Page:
2. Apparatus for bracing a log in a rotary veneer lathe in which a tangential knife and a pressure bar advance in a plane transversely of the log as the latter is rotated about its axis and thereby set up a resultant force which hows the log outwardly and upwardly from the knife when said log gets down to a relatively small diameter, said apparatus comprising supporting means positioned near the lathe, a carrier arm movably mounted on the supporting means, a shaft rotatably carried by the carrier arm and extending longitudinally of a log in the lathe, a supporting bracket mounted on and depending from the shaft and swingable about the shaft axis, a pair of spaced rolls mounted on the bracket and extending parallel to the shaft, a hydraulic motor on the carrier arm connected to the shaft to rotate the latter, means connected to the arm operable to move it towards the log to cause the rolls to engage said log and maintain a pressure thereagainst, said moving means being selectively operable to move the arm away from the log, and a driving connection between the shaft and rolls to rotate said rolls in the direction of normal rotation of the log, said rolls applying to the log both turning movement and pressure to produce a resultant force opposed and at least equal to the first-mentioned resultant force, whereby bowing of the log is prevented while it is cut down to a very small core.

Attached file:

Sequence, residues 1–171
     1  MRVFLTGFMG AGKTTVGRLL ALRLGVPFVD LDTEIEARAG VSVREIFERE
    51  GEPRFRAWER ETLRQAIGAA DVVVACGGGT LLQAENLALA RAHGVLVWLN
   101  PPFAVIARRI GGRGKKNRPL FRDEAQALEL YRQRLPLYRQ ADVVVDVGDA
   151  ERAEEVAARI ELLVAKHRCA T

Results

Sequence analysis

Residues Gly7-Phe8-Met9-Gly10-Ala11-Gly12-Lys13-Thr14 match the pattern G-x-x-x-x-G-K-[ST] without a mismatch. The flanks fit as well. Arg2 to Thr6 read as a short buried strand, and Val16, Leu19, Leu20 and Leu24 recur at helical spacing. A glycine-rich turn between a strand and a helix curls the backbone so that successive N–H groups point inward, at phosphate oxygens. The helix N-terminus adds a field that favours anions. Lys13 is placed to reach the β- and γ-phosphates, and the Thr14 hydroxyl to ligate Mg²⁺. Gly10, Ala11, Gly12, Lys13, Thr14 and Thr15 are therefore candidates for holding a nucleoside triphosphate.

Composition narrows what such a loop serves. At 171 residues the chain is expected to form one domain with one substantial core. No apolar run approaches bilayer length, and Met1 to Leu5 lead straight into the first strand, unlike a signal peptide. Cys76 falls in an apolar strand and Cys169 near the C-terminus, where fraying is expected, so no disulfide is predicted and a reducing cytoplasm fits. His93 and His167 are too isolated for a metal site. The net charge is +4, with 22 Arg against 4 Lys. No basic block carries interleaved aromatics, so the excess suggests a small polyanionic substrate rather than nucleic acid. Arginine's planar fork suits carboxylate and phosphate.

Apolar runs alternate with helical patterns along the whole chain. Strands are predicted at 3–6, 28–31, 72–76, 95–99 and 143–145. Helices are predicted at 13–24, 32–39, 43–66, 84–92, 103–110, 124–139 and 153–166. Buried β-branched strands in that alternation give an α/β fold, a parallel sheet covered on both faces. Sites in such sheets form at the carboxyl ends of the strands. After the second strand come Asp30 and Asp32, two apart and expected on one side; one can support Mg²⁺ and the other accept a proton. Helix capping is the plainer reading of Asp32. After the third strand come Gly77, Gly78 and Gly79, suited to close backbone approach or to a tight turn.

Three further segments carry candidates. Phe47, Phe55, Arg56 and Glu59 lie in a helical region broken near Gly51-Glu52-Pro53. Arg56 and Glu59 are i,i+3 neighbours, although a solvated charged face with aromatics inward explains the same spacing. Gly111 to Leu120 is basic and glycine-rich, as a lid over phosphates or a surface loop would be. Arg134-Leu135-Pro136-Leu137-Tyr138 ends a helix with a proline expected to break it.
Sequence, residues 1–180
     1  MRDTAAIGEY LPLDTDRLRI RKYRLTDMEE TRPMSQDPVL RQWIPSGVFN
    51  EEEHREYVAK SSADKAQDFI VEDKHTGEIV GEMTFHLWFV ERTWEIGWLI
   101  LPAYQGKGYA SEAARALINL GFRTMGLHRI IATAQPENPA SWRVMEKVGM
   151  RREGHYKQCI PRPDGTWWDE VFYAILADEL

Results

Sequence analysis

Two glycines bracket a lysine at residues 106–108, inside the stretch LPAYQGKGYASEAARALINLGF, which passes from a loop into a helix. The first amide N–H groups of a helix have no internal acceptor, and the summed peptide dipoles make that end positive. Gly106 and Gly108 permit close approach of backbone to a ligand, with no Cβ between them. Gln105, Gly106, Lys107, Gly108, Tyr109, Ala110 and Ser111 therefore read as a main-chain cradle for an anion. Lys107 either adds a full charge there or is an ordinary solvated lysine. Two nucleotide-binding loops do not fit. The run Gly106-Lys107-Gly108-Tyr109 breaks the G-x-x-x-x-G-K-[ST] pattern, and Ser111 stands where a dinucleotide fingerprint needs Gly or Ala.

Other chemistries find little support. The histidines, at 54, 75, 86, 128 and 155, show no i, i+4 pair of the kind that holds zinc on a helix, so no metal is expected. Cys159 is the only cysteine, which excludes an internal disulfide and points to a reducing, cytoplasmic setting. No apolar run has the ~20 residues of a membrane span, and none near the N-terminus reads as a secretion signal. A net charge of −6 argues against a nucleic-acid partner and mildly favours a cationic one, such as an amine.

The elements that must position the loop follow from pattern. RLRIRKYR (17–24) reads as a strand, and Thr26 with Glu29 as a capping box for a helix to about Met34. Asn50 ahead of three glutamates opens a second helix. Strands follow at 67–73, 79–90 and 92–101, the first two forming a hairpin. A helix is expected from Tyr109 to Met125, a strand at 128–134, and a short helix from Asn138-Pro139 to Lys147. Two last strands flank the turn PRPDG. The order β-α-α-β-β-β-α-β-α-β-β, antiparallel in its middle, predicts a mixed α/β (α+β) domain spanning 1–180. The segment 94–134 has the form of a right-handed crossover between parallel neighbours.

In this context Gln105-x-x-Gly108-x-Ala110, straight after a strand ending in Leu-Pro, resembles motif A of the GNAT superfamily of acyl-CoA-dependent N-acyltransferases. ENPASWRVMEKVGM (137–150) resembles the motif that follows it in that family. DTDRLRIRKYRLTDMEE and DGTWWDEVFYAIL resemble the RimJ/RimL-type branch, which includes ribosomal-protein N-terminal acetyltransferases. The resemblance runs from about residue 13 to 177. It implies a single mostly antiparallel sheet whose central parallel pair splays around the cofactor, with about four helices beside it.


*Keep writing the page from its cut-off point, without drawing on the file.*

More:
3. Log bracing apparatus as claimed in claim 2 in which at least one of the rolls has a positive driving surface.